A reader asked us about Rubio’s statement, saying, “I do not recall Obama being overly negative in his campaign.”

 But it appears to be an article of faith for Republicans. Joe Scarborough, a former GOP member of Congress who hosts MSNBC’s “Morning Joe,” declared on Wednesday: “Barack Obama won ugly in 2008; he ran more negative ads than anyone else in the history of television.”

 But is this really the case?

The Facts

 The nasty campaign of 2008 actually was raised in one of the presidential debates at the time. Sen. John McCain of Arizona, Obama’s Republican rival, complained that Obama had “spent more money on negative ads than any political campaign in history.” Obama responded that almost all of McCain’s ads were negative. 

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Pro-Gingrich cartoon ad slightly wrong about Romney

“I agree with Governor Romney on many things, for instance abortion. He was pro-choice most of his adult life, so was I. But he changed his position when he became presidential candidate Romney. Now, let’s take guns. Governor Romney and I, we were in complete agreement on gun control — now that is, until he changed his mind. And on health care, well, I was so inspired by Romneycare that I nationalized it and called it Obamacare. Now presidential candidate Romney is against the individual mandate and universal health care.”

— Remarks by a cartoon President Obama during a fictionalized debate with Mitt Romney, depicted in an ad from the pro-Newt Gingrich Super PAC Winning Our Future.

Gingrich describes himself as the only viable candidate left in the GOP race, and this innovative cartoon ad — the first of its kind that we’ve seen — feeds into that narrative, attacking one of Romney’s perceived strengths: his supposed ability to challenge Obama.

The Post’s Fix reports that this video is the first in a three-part series envisioning potential debates between Romney and the sitting president. It illustrates an increasingly negative strategy by Gingrich and his supporters since the candidate’s lackluster finishes in the Iowa and New Hampshire primaries. The approach appears to be working, with a new CNN poll showing Romney losing ground in South Carolina — an equally likely explanation is that the other candidates are resonating with Palmetto State voters.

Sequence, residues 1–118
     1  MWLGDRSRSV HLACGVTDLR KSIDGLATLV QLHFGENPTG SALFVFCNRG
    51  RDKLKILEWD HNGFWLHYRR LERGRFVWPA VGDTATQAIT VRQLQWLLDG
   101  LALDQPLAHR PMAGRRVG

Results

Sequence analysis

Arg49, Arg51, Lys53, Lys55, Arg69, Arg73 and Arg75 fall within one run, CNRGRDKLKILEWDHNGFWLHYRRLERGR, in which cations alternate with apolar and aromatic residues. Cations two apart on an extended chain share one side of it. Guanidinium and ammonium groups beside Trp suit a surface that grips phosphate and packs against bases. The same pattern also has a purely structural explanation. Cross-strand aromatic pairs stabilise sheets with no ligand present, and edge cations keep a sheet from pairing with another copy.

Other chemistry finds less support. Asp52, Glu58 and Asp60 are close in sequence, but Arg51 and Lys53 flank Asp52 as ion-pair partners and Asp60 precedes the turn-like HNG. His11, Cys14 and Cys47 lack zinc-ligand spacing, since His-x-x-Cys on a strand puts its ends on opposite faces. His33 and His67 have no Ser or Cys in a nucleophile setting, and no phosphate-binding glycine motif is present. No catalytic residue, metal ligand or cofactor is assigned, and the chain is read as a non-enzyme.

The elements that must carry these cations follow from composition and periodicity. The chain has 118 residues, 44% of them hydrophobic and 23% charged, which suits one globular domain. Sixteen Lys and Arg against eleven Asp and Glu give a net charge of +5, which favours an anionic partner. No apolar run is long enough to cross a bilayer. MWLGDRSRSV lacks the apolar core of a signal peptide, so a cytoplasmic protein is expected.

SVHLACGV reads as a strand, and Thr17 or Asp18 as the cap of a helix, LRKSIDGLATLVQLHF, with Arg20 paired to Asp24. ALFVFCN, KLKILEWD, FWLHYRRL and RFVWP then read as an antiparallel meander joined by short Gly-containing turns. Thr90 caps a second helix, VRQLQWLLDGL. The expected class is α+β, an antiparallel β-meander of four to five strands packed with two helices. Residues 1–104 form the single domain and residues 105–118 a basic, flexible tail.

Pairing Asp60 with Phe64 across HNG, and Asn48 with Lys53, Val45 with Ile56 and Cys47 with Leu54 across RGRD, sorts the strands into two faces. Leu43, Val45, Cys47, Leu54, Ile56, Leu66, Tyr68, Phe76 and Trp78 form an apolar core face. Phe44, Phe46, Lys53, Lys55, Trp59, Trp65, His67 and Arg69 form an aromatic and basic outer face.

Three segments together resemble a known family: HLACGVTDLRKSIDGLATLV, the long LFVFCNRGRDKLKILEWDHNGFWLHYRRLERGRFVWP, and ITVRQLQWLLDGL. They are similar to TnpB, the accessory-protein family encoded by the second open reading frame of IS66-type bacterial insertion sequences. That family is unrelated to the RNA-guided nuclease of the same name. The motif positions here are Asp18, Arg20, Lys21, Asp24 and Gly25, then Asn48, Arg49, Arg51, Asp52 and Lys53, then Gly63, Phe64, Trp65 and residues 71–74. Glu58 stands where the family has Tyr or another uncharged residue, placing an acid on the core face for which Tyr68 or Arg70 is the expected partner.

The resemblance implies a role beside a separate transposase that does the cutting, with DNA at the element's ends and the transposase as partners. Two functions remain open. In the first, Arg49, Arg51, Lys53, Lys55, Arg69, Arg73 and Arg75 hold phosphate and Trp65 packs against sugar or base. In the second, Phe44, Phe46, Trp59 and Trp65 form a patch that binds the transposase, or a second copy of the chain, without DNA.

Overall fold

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Santorum’s erroneous marriage attack on Obama


(Chris Keane, Reuters)

“Elayne Bennett runs a program called Best Friends — the wife of [former Secretary of Education] Bill Bennett. And she told me through Bill that the Obama administration now has a policy — and this program is a program targeted at at-risk youth, specifically, in many cases, in the African-American community, who are at-risk young girls. The Obama administration now has regulations that tells them that they can no longer promote marriage to these young girls. They can no longer promote marriage as a way of avoiding poverty and bad choices that they make in their life. They can no longer actually even teach abstinence education. They have to be neutral with respect to how people behave.”

— Rick Santorum, during the GOP debate in Myrtle Beach, S.C., Jan. 16, 2011

Santorum made these remarks in response to a question about whether “the time has come to take special steps to deal with the extraordinary level of poverty afflicting [African Americans.]” You might recall that the candidate made headlines earlier this month by bungling a statement about a related issue.

 “I don’t want to make peoples’ lives better by giving them somebody else’s money,” Santorum told a group of Iowans on Jan. 1. The comment represents pretty standard conservative fare, but the former senator uttered a syllable that, to some ears, sounded like “black” before “people’s lives,” causing critics and the media to pounce.

Debate moderator Juan Williams may have been baiting Santorum into a race discussion, but the GOP candidate cleverly shifted the spotlight onto the Obama administration, making the type of accusation that gets a rise out of values voters.

We talked to Elayne Bennett and reviewed Obama’s record on abstinence education to determine whether Santorum’s debate remarks were accurate.

The Facts

Bennett told us that no federal officials ever prohibited her organization from encouraging marriage. In fact, the federal government bankrolled the foundation’s efforts to promote healthy marriages before and after Obama entered the White House, so Santorum is wrong on that account.

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President Obama and the defense budget: a factoid that falls short


(Mark Wilson/GETTY IMAGES)
“And I firmly believe, and I think the American people understand, that we can keep our military strong and our nation secure with a defense budget that continues to be larger than roughly the next 10 countries combined.”

— President Obama, remarks on the Defense Strategic Review, Jan. 5, 2012

 

Many questions remain about the Obama administration’s plan to reduce defense spending, most of which cannot be answered until the formal budget plan is released. But in making the case for his plan last week, the president cited a “fact” that we have seen uttered time and again by various politicians: The $550 billion U.S. military budget is larger than the military budgets of the next [fill in the blank] countries combined.

 The president chose the number 10. We’ve also seen the number 14, or similar figures in the past.

But how relevant is this statement and does it really say something significant about the relative strength of the U.S. military?

The Facts

 Without a doubt, the United States has the most powerful military in the world, in part because it is the world’s only global power with global responsibilities. The Web site Globalfirepower.com ranks countries based on 45 factors, and the United States tops many of the charts. Here’s one small statistic: The United States had 11 aircraft carriers, as of the end of last year; no other country had more than two. The United Kingdom even is mothballing its single aircraft carrier.  

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Romney vs. Obama on job creation


(BRIAN SNYDER/REUTERS)